"Faith is a gift of God; do not believe that we said it was a gift of reasoning. Other religions do not say this of their faith. They only give reasoning in order to arrive at it, and yet it does not bring them to it."

- Blaise Pascal, Pensees
Why Do Americans Drink Coffee?

Because Americans believe in beverage liberty.

Gracy Olmstead writes about American coffee-drinking habits, noting that some drink what they drink as a status symbol. My $5 cafe is better than your pitiful homebrew, or words to that effect. One cultural observer says we have taken to coffee like fans of sports, picking a favorite team and arguing with others over brand names and techniques.

She also links to an article on putting butter in your coffee: "You might find it in Singapore, too, where coffee beans (usually of a lower quality) are stir-fried with butter in a wok before being strained through a filter into your cup. These morning drinks are said to provide energy throughout your day, and the same was touted about the butter coffee I was about to order — something that will not only rev up my body and mind, but keep me full all morning."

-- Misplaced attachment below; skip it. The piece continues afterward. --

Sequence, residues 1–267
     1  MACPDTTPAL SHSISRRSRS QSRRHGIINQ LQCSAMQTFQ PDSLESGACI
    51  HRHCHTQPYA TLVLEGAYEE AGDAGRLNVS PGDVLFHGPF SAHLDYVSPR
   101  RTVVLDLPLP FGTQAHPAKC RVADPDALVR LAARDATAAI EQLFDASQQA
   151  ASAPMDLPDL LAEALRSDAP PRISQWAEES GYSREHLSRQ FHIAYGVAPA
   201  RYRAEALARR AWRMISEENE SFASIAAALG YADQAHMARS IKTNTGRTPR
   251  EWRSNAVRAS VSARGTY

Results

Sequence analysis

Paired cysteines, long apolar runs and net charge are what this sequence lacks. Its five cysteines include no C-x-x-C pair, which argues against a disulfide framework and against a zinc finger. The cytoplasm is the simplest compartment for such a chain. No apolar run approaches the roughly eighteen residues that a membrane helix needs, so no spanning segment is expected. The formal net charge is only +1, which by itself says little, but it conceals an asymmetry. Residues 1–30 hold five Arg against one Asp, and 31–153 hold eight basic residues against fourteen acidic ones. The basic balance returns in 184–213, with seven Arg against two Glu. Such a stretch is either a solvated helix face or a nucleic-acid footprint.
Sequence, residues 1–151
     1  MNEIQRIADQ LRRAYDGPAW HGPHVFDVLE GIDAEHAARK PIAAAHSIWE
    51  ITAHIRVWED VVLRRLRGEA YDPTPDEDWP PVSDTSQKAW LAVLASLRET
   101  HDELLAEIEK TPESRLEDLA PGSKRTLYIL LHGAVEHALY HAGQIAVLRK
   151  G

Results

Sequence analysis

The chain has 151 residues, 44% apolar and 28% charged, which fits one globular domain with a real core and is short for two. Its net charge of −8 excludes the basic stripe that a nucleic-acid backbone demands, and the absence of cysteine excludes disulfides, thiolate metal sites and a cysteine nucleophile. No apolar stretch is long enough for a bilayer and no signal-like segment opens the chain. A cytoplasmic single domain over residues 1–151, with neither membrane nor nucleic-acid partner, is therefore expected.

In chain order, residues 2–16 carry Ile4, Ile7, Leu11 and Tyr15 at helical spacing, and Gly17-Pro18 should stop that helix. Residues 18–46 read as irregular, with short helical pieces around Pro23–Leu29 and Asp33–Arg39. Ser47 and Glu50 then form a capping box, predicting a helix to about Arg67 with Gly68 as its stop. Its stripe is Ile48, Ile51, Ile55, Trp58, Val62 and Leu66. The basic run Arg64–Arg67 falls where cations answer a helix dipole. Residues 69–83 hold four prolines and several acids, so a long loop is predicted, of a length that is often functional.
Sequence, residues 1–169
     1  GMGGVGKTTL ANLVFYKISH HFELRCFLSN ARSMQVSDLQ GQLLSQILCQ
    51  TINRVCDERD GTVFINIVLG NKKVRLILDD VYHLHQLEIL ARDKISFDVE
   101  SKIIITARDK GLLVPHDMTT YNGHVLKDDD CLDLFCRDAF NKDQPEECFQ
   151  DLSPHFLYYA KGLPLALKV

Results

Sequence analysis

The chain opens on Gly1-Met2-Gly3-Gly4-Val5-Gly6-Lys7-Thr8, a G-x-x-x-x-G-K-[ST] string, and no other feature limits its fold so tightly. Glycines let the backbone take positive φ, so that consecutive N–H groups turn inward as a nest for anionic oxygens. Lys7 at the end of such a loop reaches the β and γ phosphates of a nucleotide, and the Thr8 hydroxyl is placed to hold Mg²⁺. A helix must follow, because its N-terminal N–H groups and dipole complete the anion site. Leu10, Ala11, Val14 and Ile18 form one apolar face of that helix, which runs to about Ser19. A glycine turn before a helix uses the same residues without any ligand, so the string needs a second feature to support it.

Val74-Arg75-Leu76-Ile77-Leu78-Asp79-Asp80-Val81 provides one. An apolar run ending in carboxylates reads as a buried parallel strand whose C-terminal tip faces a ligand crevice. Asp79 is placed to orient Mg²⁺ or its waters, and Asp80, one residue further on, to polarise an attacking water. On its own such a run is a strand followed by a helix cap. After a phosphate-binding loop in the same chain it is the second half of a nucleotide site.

People, I tell you. If I see someone put low-fat butter in their coffee as a way to hold to some kind of diet, I may not be able to restrain myself.

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Comments on "Why Do Americans Drink Coffee?":
1. Respectabiggle - 03/27/2014 7:48 pm EDT

Nope - Full-fat butter, like Kerry Gold UNsalted, plus coconut oil. I was skeptical, too, but it's a great breakfast all by itself. Gobs of protein and calories, plus the magic of caffeine.

I know I'm probably proving your thesis by my advocacy, but it really is better thing than you'd think.

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